Now as I have strayed a little in thinking of the subject of "The Star in The East" I find myself back again in the presence of the one who sung father's favorite song.

I told mother she must get ready, and, in the fall, we would go back to the state of New York. I asked father to go with us, and tried to get him to say he would go. But he thought he would have to stay at home and take care of things while we were gone. Mother concluded she would go and said she would get ready for the journey and we would go and see the old native places, and old friends and make the visit we had talked about so long. The thought of Lake Erie had always been a dread to mother, whenever we spoke of going back. But now we could go back very easily and in a very short time with the cars on the "Great Western Railway" I told her it would be as easy, for her, as though she were sitting in a parlor. I encouraged her all I could, for she was getting quite old and feeble, and it looked like a big undertaking to her. I said to encourage her, that she would be able to stand it first rate, and the trip, no doubt, would do her good. I think the thought of going was pleasing to her.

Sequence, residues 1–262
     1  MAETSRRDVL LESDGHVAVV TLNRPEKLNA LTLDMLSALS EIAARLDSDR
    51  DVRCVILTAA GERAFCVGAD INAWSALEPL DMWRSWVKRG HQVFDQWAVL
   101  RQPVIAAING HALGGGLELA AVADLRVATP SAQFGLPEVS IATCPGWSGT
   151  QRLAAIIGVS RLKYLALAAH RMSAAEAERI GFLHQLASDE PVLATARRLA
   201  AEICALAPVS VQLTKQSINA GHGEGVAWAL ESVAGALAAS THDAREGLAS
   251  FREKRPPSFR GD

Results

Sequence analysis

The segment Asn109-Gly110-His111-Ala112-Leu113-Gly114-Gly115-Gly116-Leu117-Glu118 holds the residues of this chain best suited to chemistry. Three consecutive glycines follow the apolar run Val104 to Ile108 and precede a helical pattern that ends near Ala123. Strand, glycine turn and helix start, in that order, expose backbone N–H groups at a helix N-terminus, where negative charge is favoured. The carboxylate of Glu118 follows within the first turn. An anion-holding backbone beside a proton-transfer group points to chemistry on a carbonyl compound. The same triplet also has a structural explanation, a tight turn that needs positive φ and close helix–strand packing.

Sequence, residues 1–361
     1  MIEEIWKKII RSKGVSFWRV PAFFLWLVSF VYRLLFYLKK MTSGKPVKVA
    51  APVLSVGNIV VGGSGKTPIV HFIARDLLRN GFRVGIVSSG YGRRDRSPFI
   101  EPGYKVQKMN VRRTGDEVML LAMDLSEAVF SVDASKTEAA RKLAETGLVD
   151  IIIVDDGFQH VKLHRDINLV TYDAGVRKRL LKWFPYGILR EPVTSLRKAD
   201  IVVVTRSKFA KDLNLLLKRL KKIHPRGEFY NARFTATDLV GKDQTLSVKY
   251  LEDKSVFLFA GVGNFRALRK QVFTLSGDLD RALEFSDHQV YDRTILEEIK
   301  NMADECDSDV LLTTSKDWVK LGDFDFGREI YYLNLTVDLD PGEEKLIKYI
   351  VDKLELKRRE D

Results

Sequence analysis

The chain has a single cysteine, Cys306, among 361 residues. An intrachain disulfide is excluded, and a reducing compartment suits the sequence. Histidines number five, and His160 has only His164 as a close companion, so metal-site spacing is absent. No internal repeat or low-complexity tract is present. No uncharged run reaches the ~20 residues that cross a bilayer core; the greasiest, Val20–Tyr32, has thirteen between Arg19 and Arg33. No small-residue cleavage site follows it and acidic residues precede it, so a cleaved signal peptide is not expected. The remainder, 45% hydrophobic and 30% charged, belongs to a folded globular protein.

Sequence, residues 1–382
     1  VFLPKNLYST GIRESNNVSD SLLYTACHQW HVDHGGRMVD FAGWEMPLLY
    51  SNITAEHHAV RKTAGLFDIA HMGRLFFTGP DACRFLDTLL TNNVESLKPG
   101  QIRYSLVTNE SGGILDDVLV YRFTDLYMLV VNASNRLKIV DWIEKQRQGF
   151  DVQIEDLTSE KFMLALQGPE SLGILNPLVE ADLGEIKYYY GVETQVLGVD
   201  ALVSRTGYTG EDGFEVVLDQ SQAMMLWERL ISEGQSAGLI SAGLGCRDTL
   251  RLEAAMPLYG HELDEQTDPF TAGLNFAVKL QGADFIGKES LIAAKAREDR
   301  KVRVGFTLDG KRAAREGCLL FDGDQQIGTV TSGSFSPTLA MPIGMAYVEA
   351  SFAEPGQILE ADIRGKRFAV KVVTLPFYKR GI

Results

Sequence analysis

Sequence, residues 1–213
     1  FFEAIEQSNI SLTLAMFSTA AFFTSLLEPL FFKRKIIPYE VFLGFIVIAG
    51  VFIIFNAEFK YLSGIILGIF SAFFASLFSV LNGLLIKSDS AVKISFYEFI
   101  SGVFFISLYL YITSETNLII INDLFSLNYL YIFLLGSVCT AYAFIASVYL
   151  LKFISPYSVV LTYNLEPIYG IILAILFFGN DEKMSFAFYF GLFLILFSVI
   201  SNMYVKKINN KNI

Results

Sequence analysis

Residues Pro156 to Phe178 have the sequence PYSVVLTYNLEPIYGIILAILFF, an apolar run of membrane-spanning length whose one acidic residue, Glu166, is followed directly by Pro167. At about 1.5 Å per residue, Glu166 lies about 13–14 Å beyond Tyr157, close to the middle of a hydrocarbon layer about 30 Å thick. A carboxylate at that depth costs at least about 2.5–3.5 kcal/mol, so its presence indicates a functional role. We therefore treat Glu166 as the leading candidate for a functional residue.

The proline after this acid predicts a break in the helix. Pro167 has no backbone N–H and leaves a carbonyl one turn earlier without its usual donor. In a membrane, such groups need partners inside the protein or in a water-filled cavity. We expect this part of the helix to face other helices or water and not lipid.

But we met not many more times at my father's house, under so favorable and happy circumstances, nor gathered around his board with everything in such good cheer, and prospects so bright.